Advanced Materials & Processes

NOV-DEC 2013

Covers developments in engineering materials selection, processing, fabrication, testing/characterization, materials engineering trends, and emerging technologies, industrial and consumer applications, as well as business and management trends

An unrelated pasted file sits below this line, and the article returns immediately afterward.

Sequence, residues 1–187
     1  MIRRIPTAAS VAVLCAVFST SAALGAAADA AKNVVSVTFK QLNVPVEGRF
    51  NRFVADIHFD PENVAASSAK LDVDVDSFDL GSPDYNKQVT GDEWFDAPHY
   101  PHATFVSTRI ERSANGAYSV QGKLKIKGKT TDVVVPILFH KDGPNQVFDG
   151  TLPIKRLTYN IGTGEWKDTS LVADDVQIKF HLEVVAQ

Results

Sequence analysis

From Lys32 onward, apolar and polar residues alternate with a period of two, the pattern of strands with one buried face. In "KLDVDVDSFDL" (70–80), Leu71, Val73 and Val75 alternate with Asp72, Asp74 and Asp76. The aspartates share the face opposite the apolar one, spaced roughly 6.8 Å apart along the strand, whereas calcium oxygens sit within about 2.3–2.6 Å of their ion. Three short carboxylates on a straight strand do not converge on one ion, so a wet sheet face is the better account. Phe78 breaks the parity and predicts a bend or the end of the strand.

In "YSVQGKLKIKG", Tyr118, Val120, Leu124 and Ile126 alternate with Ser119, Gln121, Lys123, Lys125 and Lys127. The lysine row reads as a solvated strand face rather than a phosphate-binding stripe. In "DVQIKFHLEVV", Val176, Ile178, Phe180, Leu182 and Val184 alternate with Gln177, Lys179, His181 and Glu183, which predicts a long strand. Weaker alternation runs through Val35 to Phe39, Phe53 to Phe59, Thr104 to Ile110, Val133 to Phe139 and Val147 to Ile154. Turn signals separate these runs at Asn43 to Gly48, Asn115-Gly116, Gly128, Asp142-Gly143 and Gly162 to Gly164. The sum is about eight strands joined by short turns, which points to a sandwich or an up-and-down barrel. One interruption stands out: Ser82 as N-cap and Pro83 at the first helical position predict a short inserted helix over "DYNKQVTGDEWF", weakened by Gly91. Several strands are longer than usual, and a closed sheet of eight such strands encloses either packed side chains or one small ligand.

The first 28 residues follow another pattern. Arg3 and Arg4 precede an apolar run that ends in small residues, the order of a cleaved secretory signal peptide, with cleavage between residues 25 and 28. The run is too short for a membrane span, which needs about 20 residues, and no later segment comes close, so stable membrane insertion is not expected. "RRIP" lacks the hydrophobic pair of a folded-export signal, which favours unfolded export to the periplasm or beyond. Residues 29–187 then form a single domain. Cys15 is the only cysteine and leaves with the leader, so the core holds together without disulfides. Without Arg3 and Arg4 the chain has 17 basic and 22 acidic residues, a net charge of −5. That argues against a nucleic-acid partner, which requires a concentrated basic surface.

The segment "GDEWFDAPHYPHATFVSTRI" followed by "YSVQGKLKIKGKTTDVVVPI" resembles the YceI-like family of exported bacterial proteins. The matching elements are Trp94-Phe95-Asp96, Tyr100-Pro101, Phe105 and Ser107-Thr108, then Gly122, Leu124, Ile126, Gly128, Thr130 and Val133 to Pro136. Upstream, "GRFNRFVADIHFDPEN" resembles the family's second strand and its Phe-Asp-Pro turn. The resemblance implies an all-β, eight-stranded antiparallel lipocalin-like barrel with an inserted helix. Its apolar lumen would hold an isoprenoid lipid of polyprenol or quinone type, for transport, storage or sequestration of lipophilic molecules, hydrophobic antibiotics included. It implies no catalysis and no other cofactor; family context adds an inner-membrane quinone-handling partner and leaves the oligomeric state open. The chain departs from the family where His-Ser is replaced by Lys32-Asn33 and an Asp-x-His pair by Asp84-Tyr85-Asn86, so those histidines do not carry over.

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industry news briefs Natural gas is an important exception to the trend of rising prices for energy sources used by manufacturers. The 36% decrease in the average natural gas price paid by manufacturers between 2006 and 2010, from $7.59 to $4.83 per million Btu, was large enough that the total cost of energy from all sources fell by 11% between 2006 and 2010, from $9.19 to $8.22 per million Btu (in 2005 dollars), according to data from the 2010 Manufacturing Energy Consumption Survey (MECS). www.eia.gov/consumption/ manufacturing/index.cfm. HyperSolar Inc., Santa Barbara, Calif., jointly filed a nonprovisional patent application along with the University of California, Santa Barbara, for the "protection and stability of electroactive units used for production of fuels and chemicals." A key feature of the technology is the ability to allow the solar absorber to function while submerged in water, preventing photo-corrosion or short-circuiting. In laboratory experiments, the protective coating also dramatically extends the number of charge/discharge cycles of low cost batteries. www.hypersolar.com. Air Liquide, Paris, finalized the acquisition of electronics materials company Voltaix, Branchburg, N.J., which complements Air Liquide's line of advanced precursors, and brings together synergies in molecule discovery and scale-up to accelerate development of new high-tech materials for semiconductor manufacturers. Michael J. Graff, senior VP Americas at Air Liquide, says, "This acquisition creates growth opportunities to expand our markets and product offerings for semiconductor manufacturers and meet the growing consumer demand for increasingly powerful flat screens, tablets, and smart phones." www.us.airliquide.com, www.voltaix.com. 12 ENERGY TRENDS Innovation drives competitive photovoltaic manufacturing A new study by researchers at Massachusetts Institute of Technology, Cambridge, and the U.S. Department of Energy's National Renewable Energy Laboratory (NREL), Golden, Colo., shows that factors other than low labor cost and strong government support are more significant in making China the dominant manufacturer of The radiation materials science group solar panels. These findings suggest that the U.S. at Texas A&M University, College could once again become cost-competitive in photoStation, led by Dr. Lin Shao, associvoltaic (PV) manufacturing. ate professor of nuclear engineering, Researchers developed a bottom-up model and made progress toward understandestimated costs for virtually all materials, labor, ing the fundamentals of defects in equipment, and overhead involved in the PV manunuclear materials. By using molecular dynamics simulation and the superfacturing process. While China has a small advancomputer facility on campus, the tage in labor costs, the study found, it has relatively team found a unique mechanism for little impact on prices because solar-panel manufachow grain boundaries in metals returing is highly automated. The lower cost of labor in move defects. The knowledge can China provides an advantage of 7 cents/W, relative to explain why some alloy structures are a factory in the U.S., but that amount is countered better than others for self-repair of neutron-induced damage in reactor by other country-specific factors, such as higher inenvironments. www.tamu.edu. flation. The bottom line, says Tonio Buonassisi, associate professor of mechanical engineering at MIT, is that today's regional price differences in making photovoltaic modules are "not inherent [and] not driven by country-specific advantages." For more information: Tonio Buonassisi, 617/324-5130, buonassisi@mit.edu, http://pv.mit.edu. Quantum dots or nanowires for energy harvesting Researchers at North Dakota State University, Fargo, and the University of South Dakota, Vermillion, used computational chemistry models to predict the electronic and optical properties of three types of nanoscale silicon structures with a potential application for solar energy collection: a quantum dot, one-dimensional chains of quantum dots, and a nanowire. "We used Density Functional Theory, a computational approach that allows us to predict electronic and optical properties that reflect how well the nanoparticles can absorb light, and how that effectiveness is affected by the interaction between quantum dots and the disorder in their structures," says Andrei Kryjevski. "Based on our findings, we believe that putting the amorphous quantum dots in an array or merging them into a nanowire are the best assemblies for maximizing the efficiency of silicon nanomaterials to absorb light and transport charge throughout a photovoltaic system." For more information: Andrei Kryjevski, 701/231-7046, andrei.kryjevski@ndsu.edu, www.ndsu.edu. ADVANCED MATERIALS & PROCESSES • NOVEMBER-DECEMBER 2013 Amorphous silicon nanowire (yellow network) facilitates harvesting of solar energy in the form of a photon (wavy line). In the process of light absorption, a pair of mobile charge carriers is created. Red clouds depict an electron smeared in space, while blue clouds visualize the so-called hole, which is a positively charged carrier. The energy of their directed motion is then transformed into electricity. Electron and hole charge distributions are often located in different regions of space due to multiple structural defects in amorphous silicon nanowires. Courtesy of A. Kryjevski, S. Kilina, and D. Kilin/JRSE.

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